POW lived to tell the tale
One of Australia’s last survivors of the Thai-Burma Railway, Albany’s Neil MacPherson OAM, has died at the age of 96.
Mr MacPherson, whose story stands as an example of resilience, forgiveness and benevolence, died on Saturday in Albany.
In 1942, as a young private who had been eager to enlist for the war, he was one of more than 22,000 Australians taken as a prisoner of war by the Japanese.
He survived a gruelling two years as a prisoner building the 415km Burma Railway in Thailand, which the Japanese used to supply forces in Burma, bypassing vulnerable sea routes.
Against disease, malnourishment and brutal treatment, he survived an ordeal which killed 2815 fellow Australians.
“I was just a skeleton, but kept myself alive with thoughts of home,” he said in 2014.
In late 1944, he was shipped to Japan to continue his back-breaking work in a coalmine.
On August 16, 1945, the Japanese camp commandant said the words: “The order has been given to stop the fight.”
Pte MacPherson’s diary entry simply read: “Freedom today.”
He returned home to Perth on his mother’s birthday — her best birthday present ever.
Despite his hellish experiences, he was determined not to harbour any bitterness, returning to Japan to spread goodwill.
For the past 15 years, the Albany man travelled to the section of the Thai-Burma railway known as Hellfire Pass with his granddaughters Krishna and Gypsy.
He was awarded an OAM in 2009 for his service to the community — particularly through the establishment of the Burma Thailand Railway Memorial Association — and raising awareness of the POW experience.
He went on to write his book, The Burma Railway, Hellships and Coalmines alongside Tony Carter, sharing his POW story.
He was a father to Jo, Alan, Ean and Greg. Ean married a Japanese woman and gave him two half-Japanese grandsons.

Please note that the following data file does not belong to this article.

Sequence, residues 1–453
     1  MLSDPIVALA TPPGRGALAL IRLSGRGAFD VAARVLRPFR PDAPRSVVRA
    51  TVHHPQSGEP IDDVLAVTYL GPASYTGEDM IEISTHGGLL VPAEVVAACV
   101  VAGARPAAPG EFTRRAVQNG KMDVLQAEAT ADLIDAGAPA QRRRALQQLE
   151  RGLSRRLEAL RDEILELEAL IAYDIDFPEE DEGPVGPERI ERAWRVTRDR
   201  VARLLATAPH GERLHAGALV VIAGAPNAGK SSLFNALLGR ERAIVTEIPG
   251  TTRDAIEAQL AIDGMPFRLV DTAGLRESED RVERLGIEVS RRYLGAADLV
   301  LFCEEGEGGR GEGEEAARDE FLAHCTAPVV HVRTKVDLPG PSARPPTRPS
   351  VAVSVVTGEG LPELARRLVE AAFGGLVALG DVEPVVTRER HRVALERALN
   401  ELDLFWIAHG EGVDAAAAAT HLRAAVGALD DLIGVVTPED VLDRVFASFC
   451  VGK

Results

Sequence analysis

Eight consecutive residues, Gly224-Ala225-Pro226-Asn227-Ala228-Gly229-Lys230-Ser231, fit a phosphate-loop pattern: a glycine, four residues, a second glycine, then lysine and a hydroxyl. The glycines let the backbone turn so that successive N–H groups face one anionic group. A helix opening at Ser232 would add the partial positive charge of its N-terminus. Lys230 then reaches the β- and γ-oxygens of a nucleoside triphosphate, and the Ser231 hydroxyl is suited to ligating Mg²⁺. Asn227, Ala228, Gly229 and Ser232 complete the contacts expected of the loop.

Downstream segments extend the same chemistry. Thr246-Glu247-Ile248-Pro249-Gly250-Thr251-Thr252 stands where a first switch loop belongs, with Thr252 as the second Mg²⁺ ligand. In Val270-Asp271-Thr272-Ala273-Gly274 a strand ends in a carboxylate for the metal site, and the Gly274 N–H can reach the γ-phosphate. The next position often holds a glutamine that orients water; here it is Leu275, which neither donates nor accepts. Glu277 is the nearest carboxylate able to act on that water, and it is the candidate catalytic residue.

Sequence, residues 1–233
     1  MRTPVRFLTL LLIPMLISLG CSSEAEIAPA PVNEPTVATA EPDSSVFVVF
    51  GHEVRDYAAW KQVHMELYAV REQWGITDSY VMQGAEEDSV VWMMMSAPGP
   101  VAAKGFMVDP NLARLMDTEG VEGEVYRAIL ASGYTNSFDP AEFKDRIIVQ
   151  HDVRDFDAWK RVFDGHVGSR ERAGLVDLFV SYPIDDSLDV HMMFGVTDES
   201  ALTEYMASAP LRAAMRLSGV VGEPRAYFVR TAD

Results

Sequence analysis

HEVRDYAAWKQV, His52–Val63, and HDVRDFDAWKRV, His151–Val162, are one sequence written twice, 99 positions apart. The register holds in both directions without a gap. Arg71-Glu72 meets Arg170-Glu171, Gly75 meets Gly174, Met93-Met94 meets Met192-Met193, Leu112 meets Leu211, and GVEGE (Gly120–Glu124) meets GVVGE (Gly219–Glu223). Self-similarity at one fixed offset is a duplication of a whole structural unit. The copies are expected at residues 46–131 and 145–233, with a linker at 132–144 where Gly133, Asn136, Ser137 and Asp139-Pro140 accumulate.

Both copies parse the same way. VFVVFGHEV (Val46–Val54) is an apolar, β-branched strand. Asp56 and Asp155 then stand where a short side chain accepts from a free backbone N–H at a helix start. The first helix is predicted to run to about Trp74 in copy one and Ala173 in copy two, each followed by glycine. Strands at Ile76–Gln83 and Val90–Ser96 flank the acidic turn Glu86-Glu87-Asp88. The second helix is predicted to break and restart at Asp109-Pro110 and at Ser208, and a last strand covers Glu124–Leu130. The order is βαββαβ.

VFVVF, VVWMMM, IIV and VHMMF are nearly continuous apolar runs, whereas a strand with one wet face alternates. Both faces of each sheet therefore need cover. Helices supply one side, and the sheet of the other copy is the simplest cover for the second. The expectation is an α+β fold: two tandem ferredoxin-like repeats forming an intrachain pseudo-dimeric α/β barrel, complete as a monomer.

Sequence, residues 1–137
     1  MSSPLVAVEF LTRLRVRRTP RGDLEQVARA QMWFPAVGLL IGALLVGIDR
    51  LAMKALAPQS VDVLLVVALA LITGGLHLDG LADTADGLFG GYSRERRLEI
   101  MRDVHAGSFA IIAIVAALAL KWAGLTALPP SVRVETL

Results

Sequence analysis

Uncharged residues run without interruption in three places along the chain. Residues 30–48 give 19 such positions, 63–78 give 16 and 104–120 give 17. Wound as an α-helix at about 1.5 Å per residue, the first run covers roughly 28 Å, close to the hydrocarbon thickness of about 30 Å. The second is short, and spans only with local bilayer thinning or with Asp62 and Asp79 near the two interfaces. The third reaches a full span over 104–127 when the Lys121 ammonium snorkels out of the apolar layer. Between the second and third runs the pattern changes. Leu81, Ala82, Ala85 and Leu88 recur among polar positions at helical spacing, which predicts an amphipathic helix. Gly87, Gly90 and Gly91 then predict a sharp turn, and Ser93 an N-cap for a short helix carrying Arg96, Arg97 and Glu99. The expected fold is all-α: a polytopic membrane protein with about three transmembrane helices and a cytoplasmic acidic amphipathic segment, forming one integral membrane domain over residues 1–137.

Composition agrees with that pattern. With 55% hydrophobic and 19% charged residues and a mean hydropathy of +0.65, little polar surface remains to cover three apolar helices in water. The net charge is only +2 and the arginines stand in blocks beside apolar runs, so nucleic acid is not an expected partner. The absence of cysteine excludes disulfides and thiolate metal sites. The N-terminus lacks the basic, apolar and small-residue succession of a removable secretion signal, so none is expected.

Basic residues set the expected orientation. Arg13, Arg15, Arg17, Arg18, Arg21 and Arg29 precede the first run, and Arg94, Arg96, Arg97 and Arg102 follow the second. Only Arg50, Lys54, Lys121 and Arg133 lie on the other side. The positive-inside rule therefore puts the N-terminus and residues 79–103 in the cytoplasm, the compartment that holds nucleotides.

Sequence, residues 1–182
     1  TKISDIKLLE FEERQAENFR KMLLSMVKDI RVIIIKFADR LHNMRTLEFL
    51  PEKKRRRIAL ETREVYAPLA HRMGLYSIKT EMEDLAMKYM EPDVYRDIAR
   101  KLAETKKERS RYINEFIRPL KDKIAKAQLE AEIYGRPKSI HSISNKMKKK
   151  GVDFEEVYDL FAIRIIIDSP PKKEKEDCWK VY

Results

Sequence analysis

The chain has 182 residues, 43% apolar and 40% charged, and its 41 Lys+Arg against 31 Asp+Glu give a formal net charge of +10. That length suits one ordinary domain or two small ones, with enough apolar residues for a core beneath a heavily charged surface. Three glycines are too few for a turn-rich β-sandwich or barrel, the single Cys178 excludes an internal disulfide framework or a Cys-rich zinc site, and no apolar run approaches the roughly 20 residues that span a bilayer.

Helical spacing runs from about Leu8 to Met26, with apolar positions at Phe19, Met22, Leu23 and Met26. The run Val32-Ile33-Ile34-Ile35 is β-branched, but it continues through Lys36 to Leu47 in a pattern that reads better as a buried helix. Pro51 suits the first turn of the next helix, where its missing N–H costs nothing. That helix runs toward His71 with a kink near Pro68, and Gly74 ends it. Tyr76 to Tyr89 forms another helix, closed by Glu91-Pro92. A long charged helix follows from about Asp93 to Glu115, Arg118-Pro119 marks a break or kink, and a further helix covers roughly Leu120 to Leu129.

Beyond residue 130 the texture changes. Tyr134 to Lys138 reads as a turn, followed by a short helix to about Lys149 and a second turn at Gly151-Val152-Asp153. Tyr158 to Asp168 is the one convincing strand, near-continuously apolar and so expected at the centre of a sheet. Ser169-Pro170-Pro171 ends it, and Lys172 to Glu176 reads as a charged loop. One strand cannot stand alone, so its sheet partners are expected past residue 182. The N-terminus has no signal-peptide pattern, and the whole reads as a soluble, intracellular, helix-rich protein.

Jo said her father lived a full life after retirement, travelling often.
“He always read an address at the Anzac Day service in Kanchanaburi in Thailand and he finished this year’s one a couple of days before he got sick and passed,” she said. “Knowing he had the trip back each year kept him going in his final years.
“People learnt so much from him. Everyone wanted to sit next to him and hear what it was like — and they came back from trips to Thailand as changed people.”
His address at this month’s service in Kanchanaburi will be read in his honour. Clarence Estate was home to Neil during his final 17 months.
RSL WA State president Peter Aspinall said through his trips to Thailand, Mr MacPherson showed his compassion and commitment to helping people understand what his fellow soldiers had been through.
“Among the last of the Burma Railway POW survivors, over the years he was a fantastic example of grace and resilience,” he said.
“He was a fantastic man to know.”
Mr MacPherson was WA’s second-last surviving Thai-Burma Railway POW, alongside fellow Albany resident Harold Martin, 102.
Family and friends marked his death at Clarence Estate on Tuesday. His life will be commemorated with a formal service at Karrakatta on Monday, where army personnel will form a guard of honour.
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